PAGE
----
Gloria Steinem Listening on the Road

photoTwo teen-aged girls stepped to the microphone to ask a question of a woman old enough to be their grandmother. This “grandmother” was Gloria Steinem, and she waited, along with 2500 other people in Seattle’s Benaroya Hall, for the question.

“We’re 14 years old,” one girl said, her friend pressed to her side. “What advice can you give us?”

“Don’t listen to me,” Gloria replied. “Listen to yourselves.”

The two teens turned toward each other, their eyes wide and cheeks flushed, then started up the aisle toward their seats as the theater filled with applause.

Throughout that November evening with Gloria (I feel that I can call her by her first name after hearing her stress that she sees herself not as an icon, but “as one in a tide of women who made and make change”) I learned how important listening is for her. For an hour, Gloria responded to questions from author Cheryl Strayed, then asked to hear our stories.

steinem and strayed
Gloria Steinem and Cheryl Strayed. Courtesy of Bre Lebeuf

For another sixty minutes, women of all ages (there were men in the audience but none went to the microphones) spoke of their concerns and sought her wisdom.

life on the roadGloria has been making the rounds of lecture halls, libraries, universities, temples, and Planned Parenthood centers promoting her memoir, My Life on the Road (everyone in the audience received a copy). As she spoke about the issues facing the world today, she often moved a hand to her heart. “Social justice movements aren’t in silos—they’re all connected.”

I’m embarrassed to admit that I came late to the social justice movement of feminism. When Gloria began speaking out about women’s rights in the late 1960s, I was focused on my high school studies in a small, conservative Midwest town. Even though men and women in my community followed traditional roles, independent women surrounded me. My grandmother worked for years as a switchboard operator for Union Pacific Railroad. My mom worked outside the home after my father’s death when I was two, and she continued in a journalism career after she married my stepfather. After high school, I attended nursing school—all of my classmates, teachers, and the nursing leaders I encountered were women. Despite the medical and hospital hierarchy that ranked male physicians above female nurses, most of my role models were smart women in positions of authority. In my limited view, women were powerful.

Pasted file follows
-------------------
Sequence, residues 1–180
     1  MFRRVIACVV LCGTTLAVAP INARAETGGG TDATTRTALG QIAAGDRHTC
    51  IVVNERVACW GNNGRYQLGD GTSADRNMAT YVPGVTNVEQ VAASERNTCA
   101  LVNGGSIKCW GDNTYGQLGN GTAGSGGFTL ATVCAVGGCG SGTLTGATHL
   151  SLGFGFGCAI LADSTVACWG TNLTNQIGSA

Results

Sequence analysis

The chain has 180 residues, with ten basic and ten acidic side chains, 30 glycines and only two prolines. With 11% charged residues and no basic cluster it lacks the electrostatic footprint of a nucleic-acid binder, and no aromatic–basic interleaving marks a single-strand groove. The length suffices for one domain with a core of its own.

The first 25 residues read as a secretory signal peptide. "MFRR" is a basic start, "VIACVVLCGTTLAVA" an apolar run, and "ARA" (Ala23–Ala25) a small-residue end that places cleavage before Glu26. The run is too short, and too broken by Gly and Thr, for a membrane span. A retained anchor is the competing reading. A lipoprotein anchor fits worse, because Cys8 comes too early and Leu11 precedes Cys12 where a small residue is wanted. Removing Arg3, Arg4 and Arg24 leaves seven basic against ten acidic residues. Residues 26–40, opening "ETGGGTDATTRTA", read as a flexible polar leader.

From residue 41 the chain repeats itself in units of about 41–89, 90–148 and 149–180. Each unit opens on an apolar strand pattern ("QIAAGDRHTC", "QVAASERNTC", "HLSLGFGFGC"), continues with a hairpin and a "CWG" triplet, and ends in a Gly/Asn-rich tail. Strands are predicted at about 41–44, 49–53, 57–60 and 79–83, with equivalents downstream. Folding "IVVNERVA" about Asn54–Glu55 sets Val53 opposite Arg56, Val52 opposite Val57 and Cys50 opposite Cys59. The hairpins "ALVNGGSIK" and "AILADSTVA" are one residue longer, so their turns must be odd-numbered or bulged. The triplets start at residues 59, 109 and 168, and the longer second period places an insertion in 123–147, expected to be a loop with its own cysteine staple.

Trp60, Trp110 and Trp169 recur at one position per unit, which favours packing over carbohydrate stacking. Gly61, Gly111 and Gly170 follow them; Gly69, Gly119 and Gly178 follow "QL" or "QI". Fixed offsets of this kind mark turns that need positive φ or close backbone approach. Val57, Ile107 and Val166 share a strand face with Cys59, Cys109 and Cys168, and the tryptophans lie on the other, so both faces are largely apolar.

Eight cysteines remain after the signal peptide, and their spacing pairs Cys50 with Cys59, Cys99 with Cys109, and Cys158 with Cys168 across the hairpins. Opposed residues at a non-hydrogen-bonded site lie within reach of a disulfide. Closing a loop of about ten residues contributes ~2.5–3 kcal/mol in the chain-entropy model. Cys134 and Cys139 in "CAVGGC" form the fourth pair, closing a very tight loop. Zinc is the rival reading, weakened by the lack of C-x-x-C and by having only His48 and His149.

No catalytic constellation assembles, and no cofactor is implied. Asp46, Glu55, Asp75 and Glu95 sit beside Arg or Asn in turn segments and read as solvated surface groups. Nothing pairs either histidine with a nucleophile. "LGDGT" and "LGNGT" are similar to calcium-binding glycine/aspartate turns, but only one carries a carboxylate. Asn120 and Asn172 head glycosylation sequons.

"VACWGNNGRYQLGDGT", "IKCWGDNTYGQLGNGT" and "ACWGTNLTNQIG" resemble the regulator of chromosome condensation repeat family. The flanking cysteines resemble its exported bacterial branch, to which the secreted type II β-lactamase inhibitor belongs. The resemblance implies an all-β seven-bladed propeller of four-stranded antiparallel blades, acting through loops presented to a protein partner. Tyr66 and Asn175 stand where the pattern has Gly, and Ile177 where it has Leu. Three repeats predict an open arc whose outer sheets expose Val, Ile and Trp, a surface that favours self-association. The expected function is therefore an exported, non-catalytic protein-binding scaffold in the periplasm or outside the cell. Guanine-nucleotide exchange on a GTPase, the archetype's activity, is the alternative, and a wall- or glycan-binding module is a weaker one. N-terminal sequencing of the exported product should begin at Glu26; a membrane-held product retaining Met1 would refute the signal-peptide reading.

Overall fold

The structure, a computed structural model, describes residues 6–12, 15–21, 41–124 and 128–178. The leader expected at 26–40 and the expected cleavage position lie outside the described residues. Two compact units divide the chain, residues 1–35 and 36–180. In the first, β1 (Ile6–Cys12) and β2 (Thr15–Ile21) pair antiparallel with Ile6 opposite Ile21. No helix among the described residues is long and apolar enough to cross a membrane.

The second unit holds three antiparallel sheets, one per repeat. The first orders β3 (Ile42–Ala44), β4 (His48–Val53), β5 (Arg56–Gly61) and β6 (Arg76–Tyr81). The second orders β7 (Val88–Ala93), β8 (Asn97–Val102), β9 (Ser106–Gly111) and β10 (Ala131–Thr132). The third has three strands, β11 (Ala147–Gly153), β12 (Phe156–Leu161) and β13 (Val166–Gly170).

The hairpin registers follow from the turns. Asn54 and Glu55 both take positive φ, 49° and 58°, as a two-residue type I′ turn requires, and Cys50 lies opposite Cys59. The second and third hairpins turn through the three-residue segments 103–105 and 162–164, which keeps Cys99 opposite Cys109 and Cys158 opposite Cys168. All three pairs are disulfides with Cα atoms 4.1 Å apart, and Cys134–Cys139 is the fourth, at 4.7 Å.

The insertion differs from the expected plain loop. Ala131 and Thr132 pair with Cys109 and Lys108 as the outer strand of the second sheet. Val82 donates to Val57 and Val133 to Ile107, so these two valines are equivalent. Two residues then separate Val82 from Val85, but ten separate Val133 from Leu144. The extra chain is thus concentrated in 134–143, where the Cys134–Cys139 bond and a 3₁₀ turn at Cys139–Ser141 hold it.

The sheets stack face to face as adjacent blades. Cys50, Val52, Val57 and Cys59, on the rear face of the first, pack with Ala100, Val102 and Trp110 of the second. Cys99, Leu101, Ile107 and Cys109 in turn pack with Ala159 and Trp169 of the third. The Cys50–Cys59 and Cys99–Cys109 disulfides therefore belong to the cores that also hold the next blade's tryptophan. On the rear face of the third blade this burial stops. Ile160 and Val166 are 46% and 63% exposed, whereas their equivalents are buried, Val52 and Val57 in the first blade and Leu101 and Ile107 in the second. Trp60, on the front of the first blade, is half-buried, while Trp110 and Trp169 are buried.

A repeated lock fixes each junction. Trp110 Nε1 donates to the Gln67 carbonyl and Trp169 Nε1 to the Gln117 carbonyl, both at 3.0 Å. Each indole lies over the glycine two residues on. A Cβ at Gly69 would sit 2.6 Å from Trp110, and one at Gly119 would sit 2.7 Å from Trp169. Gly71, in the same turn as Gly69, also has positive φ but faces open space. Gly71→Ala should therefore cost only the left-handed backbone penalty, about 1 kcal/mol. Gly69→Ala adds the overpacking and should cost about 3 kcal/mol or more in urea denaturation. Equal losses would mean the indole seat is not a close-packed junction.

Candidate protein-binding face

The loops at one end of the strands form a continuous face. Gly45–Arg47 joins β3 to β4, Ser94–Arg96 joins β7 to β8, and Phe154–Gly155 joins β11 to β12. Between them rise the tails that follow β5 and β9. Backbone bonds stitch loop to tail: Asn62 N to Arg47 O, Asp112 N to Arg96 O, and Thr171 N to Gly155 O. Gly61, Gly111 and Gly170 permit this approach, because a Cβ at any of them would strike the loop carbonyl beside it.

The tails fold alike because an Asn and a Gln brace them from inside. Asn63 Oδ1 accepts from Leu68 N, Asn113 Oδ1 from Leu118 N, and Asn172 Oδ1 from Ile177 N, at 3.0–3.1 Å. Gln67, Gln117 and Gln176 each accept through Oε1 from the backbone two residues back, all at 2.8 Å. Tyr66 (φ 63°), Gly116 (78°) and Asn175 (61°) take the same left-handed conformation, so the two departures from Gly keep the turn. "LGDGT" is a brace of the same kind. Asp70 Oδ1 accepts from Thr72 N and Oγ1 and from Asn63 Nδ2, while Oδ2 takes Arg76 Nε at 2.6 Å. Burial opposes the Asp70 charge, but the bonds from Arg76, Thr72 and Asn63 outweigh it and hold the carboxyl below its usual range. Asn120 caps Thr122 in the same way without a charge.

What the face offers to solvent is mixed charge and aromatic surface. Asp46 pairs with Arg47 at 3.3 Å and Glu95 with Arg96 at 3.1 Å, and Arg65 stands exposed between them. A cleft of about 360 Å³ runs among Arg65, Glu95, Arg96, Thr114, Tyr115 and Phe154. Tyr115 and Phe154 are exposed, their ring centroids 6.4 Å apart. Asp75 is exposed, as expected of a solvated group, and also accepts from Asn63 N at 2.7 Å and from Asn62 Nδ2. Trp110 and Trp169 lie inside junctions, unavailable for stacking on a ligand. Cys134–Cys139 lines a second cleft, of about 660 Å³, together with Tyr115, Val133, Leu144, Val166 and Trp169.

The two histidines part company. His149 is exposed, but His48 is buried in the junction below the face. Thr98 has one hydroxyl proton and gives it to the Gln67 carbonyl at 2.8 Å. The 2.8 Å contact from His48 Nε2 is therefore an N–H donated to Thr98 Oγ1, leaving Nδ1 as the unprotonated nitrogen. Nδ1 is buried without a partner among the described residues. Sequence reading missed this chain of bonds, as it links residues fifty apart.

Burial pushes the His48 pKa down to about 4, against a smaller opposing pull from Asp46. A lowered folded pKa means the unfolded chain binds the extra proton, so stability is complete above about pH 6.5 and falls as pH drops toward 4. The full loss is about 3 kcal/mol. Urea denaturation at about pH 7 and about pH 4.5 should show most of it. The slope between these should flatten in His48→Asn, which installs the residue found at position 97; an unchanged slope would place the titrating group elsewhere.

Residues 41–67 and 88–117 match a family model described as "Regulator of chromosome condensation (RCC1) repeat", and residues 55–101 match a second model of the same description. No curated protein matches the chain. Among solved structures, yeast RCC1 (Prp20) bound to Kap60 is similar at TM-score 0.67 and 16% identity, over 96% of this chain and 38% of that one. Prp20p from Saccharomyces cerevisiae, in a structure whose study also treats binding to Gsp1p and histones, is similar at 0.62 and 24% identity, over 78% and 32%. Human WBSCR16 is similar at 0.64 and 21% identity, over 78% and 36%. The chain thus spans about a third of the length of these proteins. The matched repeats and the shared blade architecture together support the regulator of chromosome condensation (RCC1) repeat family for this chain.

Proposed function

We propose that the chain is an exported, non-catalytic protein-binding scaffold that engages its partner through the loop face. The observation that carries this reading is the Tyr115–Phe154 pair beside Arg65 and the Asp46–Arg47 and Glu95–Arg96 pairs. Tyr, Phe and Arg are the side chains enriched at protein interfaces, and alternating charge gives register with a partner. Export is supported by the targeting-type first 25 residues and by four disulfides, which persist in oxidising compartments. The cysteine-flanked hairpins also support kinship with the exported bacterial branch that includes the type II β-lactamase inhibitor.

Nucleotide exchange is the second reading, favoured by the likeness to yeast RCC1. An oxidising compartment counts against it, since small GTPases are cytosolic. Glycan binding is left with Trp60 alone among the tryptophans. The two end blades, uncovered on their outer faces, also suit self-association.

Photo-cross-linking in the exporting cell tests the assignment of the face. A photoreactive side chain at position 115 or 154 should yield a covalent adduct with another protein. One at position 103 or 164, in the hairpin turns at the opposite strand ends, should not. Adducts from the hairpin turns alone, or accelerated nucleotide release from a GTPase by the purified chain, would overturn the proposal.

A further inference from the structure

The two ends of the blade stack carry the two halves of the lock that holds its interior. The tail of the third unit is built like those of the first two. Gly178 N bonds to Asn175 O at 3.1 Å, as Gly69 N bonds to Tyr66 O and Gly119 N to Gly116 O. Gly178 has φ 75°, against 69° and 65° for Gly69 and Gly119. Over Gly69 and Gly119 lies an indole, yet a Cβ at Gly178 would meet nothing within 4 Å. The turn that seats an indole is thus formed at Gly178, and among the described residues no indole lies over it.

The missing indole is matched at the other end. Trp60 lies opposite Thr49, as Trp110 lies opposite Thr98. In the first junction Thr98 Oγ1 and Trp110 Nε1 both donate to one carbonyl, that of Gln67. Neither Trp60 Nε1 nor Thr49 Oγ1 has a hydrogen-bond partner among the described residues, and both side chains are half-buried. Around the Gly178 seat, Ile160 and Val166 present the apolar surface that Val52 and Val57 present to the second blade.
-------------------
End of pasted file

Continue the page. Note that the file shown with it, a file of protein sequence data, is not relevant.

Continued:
That night at Benaroya Hall was the second time I’d heard Gloria Steinem speak. The first was thirty-four years earlier in a gymnasium at a community college in Seattle soon after my twin son and daughter were born. By then, I was more aware, and I unreservedly thought of myself as a feminist. But, as I joined hundreds of women in the gym bleachers, I questioned that I deserved the title. Although I was in graduate school and working—following what was viewed as the path for liberated women—I was enthralled with new motherhood and had wistfully left my babies at home with their dad. I worried that Gloria’s speech would leave me feeling that I’d betrayed her and the many others who had worked for equality in the workplace. Just the opposite happened, though, as she explained that feminism is about women choosing their own course. I left there knowing that I still fit.

All these years later, I still had much to learn about Gloria’s work, and her talk and memoir helped fill many gaps. One thing I learned is she’s committed to listening and creating opportunities for people to be heard. That dedication is especially evident in her stories from university and college campuses; here are a few examples from the chapter, “One Big Campus.”

  • In 1971 she was invited to give the address at the Harvard Law Review She writes that to prepare, she interviewed women who were in the minority in the law school. At the end of her speech, “Why Harvard Law School Needs Women More than Women Need It,” she recited their testimony of the sexism rampant in the school. She could cite those examples because she listened.
  • Gloria learned about disability as a civil rights issue from deaf students at Gallaudet University by “listening” to them through sign language interpreters. She wondered after meeting them if someday knowing “both an audible and a physical language” might be routine. She writes that, thanks to what she learned from the Gallaudet students, “I can imagine it.”
  • During a conversation with students at an Oklahoma university, a young man protested Gloria’s support for legal abortion on the grounds it isn’t in the Constitution. When a female student rose to respond, Gloria described it as “…the magical point when people start to answer each other’s questions. I can just listen and learn.”

As a Quaker committed to nonviolence and equality, I know the power of listening and being heard. Gloria Steinem modeled that for the sold-out audience for her lecture. And that night, my daughter sat beside me to experience it herself.

You can listen to Gloria’s conversation with Cheryl Strayed here: Be sure to scroll down to hear spoken word performer Hollis Wong-Wear who opened the event accompanied by cellist Rebecca Chung Filice


  1. Thanks for this, Iris, I just listened to this for the last hour or more! I am going to try to forward it to a bunch of folks!!! It is great!!

    Sent from my iPad


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